In a recent Food Safety Magazine article, Ignacio Garamendi, the Executive Director for International Life Sciences Institute (ILSI) Europe, asks “With allergies and their health impacts on the rise, what can we do to help improve food safety and health?” The short answer is: Better food labelling and risk assessment.
For the past 20 years, an ILSI Europe taskforce has been working to improve exactly these two things. In seeking to determine the relationship between the amounts of allergens that cause reactions and the proportion of individuals experiencing allergic reactions at those dose levels, research is helping to build evidence to support agreed, safe thresholds for the major food allergens.
Risk assessments can in turn be used to improve and standardise food labelling. Currently, allergen labelling can be confusing, particularly precautionary allergen labelling (PAL). Mr Garamendi explains that PAL was developed to help manage food allergen risks at a time when they were almost completely uncharacterised and the industry was dominated by a fear of extreme allergic reactions among consumers who accidentally consumed a food containing a major allergen. However, widespread and inconsistent use of PAL has brought unnecessary limitations to food choices for people living with multiple or severe allergies and coeliac disease.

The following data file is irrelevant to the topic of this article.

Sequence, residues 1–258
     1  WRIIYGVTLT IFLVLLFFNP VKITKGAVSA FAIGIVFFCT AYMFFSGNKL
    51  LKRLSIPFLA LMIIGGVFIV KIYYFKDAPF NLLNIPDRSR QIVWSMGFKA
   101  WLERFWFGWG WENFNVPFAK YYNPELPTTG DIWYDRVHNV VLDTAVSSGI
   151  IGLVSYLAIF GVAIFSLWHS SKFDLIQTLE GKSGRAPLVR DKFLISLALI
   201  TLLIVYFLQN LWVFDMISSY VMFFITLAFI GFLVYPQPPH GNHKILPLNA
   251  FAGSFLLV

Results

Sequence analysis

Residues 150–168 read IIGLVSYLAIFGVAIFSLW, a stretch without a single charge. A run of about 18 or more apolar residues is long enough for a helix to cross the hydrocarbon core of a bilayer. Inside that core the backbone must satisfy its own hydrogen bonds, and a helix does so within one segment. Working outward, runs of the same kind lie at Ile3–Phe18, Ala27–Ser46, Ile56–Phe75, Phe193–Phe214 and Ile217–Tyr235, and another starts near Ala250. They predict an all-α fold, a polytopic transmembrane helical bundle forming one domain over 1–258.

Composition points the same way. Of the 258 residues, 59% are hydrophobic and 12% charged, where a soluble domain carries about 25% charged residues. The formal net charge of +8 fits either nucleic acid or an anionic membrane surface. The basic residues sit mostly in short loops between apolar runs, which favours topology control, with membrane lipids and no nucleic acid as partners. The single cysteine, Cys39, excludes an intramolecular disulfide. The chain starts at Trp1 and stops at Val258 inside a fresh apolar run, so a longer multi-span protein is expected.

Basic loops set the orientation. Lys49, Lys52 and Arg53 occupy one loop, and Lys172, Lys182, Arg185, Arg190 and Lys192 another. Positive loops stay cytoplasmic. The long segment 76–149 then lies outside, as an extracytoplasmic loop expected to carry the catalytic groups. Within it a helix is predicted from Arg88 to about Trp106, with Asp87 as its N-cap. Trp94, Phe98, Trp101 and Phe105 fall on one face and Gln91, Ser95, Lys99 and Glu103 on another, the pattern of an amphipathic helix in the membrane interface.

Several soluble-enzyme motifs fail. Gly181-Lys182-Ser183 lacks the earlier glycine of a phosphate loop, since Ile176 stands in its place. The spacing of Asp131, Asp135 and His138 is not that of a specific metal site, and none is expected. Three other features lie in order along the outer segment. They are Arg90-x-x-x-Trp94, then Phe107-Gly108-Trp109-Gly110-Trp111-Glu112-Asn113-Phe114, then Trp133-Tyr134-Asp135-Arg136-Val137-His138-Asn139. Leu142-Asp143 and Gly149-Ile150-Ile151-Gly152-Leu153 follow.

In the UK, the Food Standards Agency’s Consultation on Precautionary Allergen Labelling found that the majority of consultation survey respondents (97 per cent) support the use of a standardised precautionary allergen label. So now it appears time for food and beverage producers to focus on making PAL more accurate, effective, and meaningful for consumers.
Identifying, prioritising, and standardising the list of major food allergens across global borders is another activity that will help protect people everywhere living with allergies.
Read the full article in Food Safety Magazine here.
See this related Allergen Bureau new items for the ILSI Taskforce tools for risk assessment.